Keys Homes
Sunday, September 29, 2013
Two sisters share Conservatory of Two Sisters in botanical gardens

By ROBIN ROBINSON The Key West Garden Club

My sister, Rene, and I posed with our borrowed hotel sun umbrellas in front of the Conservatory of the Two Sisters in the New Orleans Botanical Gardens. The Two Sisters building contained a tropical rain forest garden. Waterfalls and ferns abounded amidst Indonesian wax ginger, pagoda flowers, staghorn ferns and reminders of botanical history found in fossil rocks. Gurgling water fell from the two-story waterfall that helped keep the displays humid.

Outside the conservatory, giant lily pads from South America floating in a reflecting pool were presided over by a young boy riding a dolphin. Crepe myrtle trees burst small clusters of pink blossoms as they flowered in September.

John McDonogh gave the city of New Orleans 88 acres over 150 years ago in order to create a park. The City Park now encompasses more than 1500 acres of walking paths and hosts 11 million visitors a year. It contains four 18-hole golf courses and 11 miles of waterways for fishing and boating. It is the fifth largest park in the United States.

The botanical gardens were built by the Work Progress Administration and opened in 1936 as the City Park Rose Garden becoming the 12-acre Botanical Garden in 1980. It is easy to spend a day in the park, which also hosts the Art Museum and Sidney and Walda Besthoff Sculpture Garden.

The gardens contain more than 2,000 different plants and 14,000 trees. Most spectacular is the nation's largest collection of mature live oaks (Quercus virginiana). Huge limbs sprawl over the shaded lawns as the trees tower taller than the buildings. A live oak can live for 1,000 years and grow to 70 feet tall with a 187-foot limb spread. A deep taproot and extensive widespread lateral roots make them resistant to hurricanes.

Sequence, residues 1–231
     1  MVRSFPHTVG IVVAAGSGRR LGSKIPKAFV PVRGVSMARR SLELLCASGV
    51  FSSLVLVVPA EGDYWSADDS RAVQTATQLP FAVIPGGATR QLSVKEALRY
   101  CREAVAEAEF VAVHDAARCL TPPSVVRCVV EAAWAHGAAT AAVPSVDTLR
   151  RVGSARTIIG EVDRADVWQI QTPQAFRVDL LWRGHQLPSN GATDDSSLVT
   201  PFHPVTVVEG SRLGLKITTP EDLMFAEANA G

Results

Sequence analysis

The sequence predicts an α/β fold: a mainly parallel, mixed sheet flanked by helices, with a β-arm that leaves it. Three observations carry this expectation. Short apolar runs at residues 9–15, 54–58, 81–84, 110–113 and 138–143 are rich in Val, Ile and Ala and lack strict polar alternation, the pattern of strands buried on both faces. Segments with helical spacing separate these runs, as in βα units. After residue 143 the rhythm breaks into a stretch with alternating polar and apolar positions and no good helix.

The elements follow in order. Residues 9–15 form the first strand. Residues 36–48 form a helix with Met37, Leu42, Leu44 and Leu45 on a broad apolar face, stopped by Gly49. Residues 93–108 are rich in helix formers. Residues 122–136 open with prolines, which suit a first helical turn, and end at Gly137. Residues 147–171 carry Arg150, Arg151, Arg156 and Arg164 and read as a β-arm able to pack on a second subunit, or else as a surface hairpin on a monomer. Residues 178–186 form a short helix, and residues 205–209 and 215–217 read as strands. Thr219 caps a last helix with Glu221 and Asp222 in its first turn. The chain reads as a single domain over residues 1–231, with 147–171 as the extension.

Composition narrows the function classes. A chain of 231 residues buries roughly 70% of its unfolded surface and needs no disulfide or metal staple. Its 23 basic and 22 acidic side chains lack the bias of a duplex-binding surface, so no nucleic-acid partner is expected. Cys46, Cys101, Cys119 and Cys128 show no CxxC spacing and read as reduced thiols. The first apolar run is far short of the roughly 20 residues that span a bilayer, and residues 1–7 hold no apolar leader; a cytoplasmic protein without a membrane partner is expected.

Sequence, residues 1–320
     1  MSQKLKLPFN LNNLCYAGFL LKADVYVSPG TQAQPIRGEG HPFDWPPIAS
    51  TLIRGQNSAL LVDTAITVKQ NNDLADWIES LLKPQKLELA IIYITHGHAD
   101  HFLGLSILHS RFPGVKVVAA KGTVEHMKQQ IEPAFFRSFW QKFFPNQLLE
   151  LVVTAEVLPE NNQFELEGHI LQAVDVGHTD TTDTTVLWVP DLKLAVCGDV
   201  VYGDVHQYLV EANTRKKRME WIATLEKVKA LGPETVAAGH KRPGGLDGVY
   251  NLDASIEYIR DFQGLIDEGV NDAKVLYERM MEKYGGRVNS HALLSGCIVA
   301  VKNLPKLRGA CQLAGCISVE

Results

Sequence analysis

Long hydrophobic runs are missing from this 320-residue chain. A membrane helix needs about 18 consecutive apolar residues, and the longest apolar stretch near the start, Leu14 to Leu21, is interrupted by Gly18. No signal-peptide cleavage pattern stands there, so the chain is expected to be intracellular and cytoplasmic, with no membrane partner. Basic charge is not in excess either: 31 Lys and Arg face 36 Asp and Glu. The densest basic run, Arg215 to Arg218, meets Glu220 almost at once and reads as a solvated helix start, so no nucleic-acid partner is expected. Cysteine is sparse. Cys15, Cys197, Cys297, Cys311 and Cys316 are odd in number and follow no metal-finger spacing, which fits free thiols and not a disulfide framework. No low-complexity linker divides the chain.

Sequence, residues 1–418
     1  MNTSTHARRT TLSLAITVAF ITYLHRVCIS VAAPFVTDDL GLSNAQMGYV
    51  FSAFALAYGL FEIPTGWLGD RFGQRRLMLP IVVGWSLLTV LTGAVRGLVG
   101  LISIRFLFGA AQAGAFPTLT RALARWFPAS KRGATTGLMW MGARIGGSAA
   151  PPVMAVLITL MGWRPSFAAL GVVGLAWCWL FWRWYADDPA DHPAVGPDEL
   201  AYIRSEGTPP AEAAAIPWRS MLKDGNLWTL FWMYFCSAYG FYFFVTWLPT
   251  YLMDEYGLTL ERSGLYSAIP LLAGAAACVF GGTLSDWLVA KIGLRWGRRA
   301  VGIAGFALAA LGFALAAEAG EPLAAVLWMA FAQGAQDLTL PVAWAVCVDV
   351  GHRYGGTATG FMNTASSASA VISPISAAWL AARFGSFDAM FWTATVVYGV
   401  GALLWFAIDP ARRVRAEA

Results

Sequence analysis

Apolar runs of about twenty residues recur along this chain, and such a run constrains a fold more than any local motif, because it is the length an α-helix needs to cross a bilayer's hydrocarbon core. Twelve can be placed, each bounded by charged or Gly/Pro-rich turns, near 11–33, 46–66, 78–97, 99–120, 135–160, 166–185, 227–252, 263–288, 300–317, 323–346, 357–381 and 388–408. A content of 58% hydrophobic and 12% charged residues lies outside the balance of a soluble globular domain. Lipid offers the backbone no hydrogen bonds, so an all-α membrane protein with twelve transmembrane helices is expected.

Southern wild oak beams were used for framing ships. The USS Constitution, "Old Ironsides," was made of Southern live oak. The Navy still owns extensive tracts of oak trees. They were useful to Native Americans who bent the limbs of saplings to form extreme angles in order to mark a trail. They also created medicines and dyes from the tree.

The Botanical Gardens also contain a section of above ground vegetables including red hot peppers and herbs. An azalea and camellia garden, native garden, Japanese garden, cacti, palms and bamboo areas are only a few of the features.

Just outside the many faceted botanical parks is the Besthoff Sculpture Garden. The Besthoffs donated 50 major sculptures, a value over $25 million dollars. This garden contains every sculptor from Botero to Moore ranging from the absurd to the sublime. Each sculpture is given space so that viewing it, within nature, is stirring. This is a garden in which two lovers might create boundless dreams while wandering the paths. Key West philanthropists need to keep the Truman Waterfront in mind as a place to create a lasting sculpture legacy.

To get there with an additional thrill, ride the Canal streetcar ($1.25) caught in front of Harrah's. Take it up Esplanade Street where colorful homes called "painted ladies" line the street. Stop at the end of the line, which is the entrance to the Art Museum. The Botanical Gardens ($5) and the Sculpture Gardens (free) are behind the museum. Streetcars run every 20-30 minutes.


Key West Garden Club presents Jody Smith Williams in a lecture entitled "Secrets to Growing Vegetables in the Keys." The lecture will occur at the General Meeting at West Martello. 1:30 p.m. Thursday, October 3.

Don't miss viewing the Garden Club's October Floral Design displays entitled "Witch's Brew," a Table Design Type II.

The Key West Garden Club welcomes volunteers to work on the historical fort, pull weeds, propagate plants and play in the sandy soil at the West Martello Tower from 9 a.m. to noon on Mondays.

Key West Master Gardener Robin Robinson was a columnist for the Chicago Daily News and syndicated with Princeton Features. Her books "Plants of Paradise" and Award-Winning "Roots Rocks and Rain: Native Trees of the Florida Keys," can be found at the Garden Club and on This column is part of a series developed by the Key West Garden Club. For more information visit

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